How does exercise lower blood sugar?

Cells that need energy can take sugar out of the bloodstream for immediate use, or they can take the sugar and save it for a time when they may need energy fast. 

The cells in your liver and your muscles are particularly good at hoarding sugars like this1.

When you exercise, you put a high energy demand on your muscle cells by asking them to flex repeatedly and engage against heavy weights. 

The amount of energy they burn is proportional to the intensity of the exercise. To meet this need, they pull from their stockpiles and make themselves more sensitive to insulin which then helps them to quickly grab large amounts of sugar from the bloodstream. 

The liver will also contribute to the effort by pumping sugar into the bloodstream from its reserves. If the body’s sugar levels decrease past a certain threshold, it will then turn to other high energy molecules, including various types of fat1,2,3

After an exercise is done and the muscle cells have depleted their sugar reserves, they’ll restart the process of stockpiling, which means pulling sugar out from the blood. 


What type of exercise is best?

Evidence collected from numerous studies suggests that professionally guided workouts that include 150 minutes of moderate to intense exercise spread out across at least three days a week can lead to a decrease in blood sugar levels for people with type 2 diabetes.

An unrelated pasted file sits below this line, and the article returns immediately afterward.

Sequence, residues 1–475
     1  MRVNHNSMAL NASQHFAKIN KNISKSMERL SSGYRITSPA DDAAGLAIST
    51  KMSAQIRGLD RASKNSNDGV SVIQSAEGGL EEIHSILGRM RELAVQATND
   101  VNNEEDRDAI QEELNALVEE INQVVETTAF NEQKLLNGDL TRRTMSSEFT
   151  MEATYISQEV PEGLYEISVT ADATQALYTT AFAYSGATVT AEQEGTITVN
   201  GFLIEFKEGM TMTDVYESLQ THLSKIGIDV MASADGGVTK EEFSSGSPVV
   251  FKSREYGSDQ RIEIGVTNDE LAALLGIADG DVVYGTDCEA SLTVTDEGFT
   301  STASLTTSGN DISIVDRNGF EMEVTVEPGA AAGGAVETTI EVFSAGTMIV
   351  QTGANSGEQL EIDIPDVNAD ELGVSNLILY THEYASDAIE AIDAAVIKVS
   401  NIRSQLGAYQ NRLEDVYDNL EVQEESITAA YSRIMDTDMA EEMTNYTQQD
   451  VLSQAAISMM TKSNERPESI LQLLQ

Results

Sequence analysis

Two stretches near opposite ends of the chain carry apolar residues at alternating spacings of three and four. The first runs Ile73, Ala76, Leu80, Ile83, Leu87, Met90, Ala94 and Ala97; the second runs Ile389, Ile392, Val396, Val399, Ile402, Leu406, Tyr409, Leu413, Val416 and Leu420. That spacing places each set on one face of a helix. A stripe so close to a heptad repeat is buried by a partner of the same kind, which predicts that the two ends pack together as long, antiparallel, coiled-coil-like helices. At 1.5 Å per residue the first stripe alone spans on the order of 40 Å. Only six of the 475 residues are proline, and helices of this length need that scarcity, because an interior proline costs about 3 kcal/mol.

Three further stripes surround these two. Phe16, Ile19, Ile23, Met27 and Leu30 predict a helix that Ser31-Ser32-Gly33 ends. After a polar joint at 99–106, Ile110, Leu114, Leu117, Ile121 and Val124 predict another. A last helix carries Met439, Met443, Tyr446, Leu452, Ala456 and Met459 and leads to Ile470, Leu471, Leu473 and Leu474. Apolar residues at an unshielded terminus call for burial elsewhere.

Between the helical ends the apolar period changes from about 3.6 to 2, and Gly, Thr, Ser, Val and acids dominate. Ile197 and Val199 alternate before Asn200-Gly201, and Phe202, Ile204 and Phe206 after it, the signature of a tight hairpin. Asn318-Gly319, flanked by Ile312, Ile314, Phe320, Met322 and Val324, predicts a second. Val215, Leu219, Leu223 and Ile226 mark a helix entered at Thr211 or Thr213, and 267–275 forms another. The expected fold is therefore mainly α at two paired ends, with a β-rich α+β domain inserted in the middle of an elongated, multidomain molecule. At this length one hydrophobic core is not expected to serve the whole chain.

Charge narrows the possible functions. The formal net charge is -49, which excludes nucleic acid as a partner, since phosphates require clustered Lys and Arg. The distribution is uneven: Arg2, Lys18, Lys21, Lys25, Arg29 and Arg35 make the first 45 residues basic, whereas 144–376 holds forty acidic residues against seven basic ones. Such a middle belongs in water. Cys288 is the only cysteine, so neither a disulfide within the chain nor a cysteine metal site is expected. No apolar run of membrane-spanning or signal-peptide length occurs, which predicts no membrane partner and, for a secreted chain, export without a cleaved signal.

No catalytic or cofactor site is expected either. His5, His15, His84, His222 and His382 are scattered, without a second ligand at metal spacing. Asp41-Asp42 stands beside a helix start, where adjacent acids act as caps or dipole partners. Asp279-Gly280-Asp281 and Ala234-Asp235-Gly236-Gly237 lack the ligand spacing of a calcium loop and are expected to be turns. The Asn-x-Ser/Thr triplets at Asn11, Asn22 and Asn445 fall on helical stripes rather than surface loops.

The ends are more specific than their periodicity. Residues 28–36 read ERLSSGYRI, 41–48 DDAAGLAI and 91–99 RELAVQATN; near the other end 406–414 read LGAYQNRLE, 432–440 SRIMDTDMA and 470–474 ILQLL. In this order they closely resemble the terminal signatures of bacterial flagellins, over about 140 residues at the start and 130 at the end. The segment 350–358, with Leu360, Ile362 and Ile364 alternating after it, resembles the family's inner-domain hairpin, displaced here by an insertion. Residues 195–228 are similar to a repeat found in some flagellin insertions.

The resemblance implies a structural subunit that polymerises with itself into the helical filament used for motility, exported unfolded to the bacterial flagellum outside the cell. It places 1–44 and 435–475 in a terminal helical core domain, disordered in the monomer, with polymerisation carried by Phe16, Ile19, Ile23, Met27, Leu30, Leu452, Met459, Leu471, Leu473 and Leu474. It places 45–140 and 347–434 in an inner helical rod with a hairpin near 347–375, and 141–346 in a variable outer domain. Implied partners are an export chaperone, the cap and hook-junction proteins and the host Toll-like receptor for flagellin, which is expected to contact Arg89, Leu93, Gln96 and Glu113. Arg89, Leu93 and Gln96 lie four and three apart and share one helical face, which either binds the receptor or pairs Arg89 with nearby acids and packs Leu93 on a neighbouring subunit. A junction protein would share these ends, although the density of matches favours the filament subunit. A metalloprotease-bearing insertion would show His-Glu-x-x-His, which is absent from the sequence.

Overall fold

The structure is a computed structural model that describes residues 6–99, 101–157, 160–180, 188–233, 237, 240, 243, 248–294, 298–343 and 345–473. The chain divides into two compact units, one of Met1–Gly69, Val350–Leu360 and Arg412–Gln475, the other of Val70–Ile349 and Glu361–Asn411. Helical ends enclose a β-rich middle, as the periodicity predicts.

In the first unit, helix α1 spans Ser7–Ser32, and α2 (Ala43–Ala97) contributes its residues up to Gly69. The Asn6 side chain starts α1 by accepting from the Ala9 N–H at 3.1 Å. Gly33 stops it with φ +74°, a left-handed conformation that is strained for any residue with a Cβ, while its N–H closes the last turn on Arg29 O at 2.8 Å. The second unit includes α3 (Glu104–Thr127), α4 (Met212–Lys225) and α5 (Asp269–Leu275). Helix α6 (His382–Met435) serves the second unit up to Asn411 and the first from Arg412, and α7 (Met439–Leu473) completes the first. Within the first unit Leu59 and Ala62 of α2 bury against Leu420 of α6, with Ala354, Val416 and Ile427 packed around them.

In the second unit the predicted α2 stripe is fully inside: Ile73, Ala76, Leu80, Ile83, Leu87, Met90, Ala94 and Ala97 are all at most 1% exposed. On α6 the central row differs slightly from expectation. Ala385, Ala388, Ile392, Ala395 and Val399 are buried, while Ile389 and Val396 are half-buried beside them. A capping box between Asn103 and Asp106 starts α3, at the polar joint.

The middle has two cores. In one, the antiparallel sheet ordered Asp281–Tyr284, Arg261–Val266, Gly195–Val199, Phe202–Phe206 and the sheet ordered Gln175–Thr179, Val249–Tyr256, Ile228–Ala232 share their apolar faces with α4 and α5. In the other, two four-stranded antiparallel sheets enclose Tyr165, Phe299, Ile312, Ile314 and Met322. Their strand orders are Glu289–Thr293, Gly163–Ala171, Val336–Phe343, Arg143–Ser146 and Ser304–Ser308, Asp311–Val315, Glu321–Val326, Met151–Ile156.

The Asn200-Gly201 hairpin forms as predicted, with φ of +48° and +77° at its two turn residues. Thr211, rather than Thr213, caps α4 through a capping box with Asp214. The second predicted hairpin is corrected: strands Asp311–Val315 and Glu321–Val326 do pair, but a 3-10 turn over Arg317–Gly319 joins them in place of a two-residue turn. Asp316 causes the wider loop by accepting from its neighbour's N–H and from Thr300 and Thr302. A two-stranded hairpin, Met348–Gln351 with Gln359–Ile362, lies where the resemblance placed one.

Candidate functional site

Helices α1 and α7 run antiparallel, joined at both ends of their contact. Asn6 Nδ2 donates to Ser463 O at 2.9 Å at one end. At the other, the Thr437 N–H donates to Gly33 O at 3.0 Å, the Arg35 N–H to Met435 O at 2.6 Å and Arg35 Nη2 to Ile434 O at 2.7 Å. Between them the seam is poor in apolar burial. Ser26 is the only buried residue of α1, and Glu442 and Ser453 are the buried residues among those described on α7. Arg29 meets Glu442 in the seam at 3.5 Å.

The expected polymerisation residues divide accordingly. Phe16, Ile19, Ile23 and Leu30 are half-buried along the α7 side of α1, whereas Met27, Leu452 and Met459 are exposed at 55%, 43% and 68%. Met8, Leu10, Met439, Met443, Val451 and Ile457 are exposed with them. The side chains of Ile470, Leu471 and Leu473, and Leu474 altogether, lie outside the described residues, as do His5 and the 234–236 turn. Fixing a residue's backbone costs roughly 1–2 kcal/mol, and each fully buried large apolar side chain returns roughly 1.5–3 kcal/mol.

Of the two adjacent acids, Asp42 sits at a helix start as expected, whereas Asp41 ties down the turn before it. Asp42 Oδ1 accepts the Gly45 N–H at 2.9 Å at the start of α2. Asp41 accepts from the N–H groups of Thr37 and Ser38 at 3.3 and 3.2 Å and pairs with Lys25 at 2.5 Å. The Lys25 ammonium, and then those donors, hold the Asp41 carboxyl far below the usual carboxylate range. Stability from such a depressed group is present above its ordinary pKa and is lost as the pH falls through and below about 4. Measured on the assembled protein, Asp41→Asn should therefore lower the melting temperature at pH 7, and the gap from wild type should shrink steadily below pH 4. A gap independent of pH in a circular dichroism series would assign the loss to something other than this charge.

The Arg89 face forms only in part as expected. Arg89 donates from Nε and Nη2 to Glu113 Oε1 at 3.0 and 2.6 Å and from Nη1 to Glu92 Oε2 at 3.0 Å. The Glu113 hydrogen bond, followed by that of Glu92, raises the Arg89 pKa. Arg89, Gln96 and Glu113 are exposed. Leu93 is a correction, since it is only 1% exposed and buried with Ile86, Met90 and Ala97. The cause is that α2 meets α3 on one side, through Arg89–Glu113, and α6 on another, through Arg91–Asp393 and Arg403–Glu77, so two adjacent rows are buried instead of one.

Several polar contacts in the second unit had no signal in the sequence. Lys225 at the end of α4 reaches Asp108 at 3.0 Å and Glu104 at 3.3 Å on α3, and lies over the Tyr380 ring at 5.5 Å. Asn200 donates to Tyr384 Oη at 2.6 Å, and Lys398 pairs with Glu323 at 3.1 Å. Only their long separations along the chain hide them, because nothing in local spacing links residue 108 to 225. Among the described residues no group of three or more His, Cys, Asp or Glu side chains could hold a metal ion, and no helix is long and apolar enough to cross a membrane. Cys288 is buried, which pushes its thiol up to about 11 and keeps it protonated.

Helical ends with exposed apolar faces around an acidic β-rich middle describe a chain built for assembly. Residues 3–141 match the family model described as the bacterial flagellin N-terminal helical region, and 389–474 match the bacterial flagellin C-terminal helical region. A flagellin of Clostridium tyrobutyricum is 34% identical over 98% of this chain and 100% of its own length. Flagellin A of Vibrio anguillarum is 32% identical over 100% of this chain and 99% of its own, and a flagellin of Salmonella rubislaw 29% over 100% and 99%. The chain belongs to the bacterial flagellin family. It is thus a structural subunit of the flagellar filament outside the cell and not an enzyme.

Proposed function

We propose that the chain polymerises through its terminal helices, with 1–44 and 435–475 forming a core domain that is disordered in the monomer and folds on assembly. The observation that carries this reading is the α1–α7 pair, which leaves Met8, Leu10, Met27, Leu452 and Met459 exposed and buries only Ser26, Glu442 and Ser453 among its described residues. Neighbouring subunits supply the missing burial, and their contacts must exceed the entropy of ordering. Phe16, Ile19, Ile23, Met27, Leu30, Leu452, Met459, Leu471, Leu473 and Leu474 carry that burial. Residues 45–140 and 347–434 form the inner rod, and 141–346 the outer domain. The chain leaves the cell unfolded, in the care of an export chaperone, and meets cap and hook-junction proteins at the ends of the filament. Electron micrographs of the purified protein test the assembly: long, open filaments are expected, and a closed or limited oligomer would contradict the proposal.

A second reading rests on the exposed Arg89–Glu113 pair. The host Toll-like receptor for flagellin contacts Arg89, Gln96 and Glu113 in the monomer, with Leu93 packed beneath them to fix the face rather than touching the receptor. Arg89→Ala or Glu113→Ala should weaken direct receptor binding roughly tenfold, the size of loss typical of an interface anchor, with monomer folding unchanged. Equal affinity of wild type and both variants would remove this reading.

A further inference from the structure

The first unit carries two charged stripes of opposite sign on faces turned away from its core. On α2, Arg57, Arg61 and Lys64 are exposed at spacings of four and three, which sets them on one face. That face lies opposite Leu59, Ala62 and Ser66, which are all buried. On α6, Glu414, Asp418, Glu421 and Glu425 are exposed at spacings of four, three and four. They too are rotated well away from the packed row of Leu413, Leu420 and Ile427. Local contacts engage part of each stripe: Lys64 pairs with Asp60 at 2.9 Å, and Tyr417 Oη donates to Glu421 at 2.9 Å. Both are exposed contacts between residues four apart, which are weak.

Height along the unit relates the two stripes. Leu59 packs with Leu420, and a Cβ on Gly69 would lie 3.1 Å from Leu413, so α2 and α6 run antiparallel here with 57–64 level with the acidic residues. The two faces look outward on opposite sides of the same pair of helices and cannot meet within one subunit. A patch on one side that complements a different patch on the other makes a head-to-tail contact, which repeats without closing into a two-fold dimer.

This decrease is temporary, though, which means that if you stop exercising for a period of time, your blood sugar levels may return to an elevated state3

Aerobic exercise is any type of movement that engages large muscle groups and causes your heart rate to increase for an extended period of time, such as endurance running. 

Whether it’s running long distances or going for a brisk walk, aerobic exercise is an effective way to lower blood sugar levels.

However, the magnitude of the effect can vary greatly depending on a person’s body mass, typical workout routine, and many other factors. (Leaner people who regularly undergo aerobic training may not see a significant change in blood sugar levels.3)

Similarly, strength-building (or resistance) exercises that include short bouts of intense exertion and muscle fatigue have been shown to positively affect blood sugar levels in people with type 2 diabetes. 

Some reports suggest that incorporating resistance exercises into a workout routine two to three times a week (on non-consecutive days) is likely to help lower blood sugar levels. 

Ideally, these workouts would include 5-10 exercises that involve muscles in the upper body, lower body, and core, with 10-15 repetitions to near fatigue in each exercise3

Putting it together, people with type 2 diabetes should consider working with their health care providers to develop an exercise routine that involves a mixture of resistance training and aerobic exercises. 

It’s important to include healthcare professionals because several factors (such as other health conditions) need to be considered when determining which workout routine is right for you.

 

Counting carbs and low carb diets can help lower blood sugar levels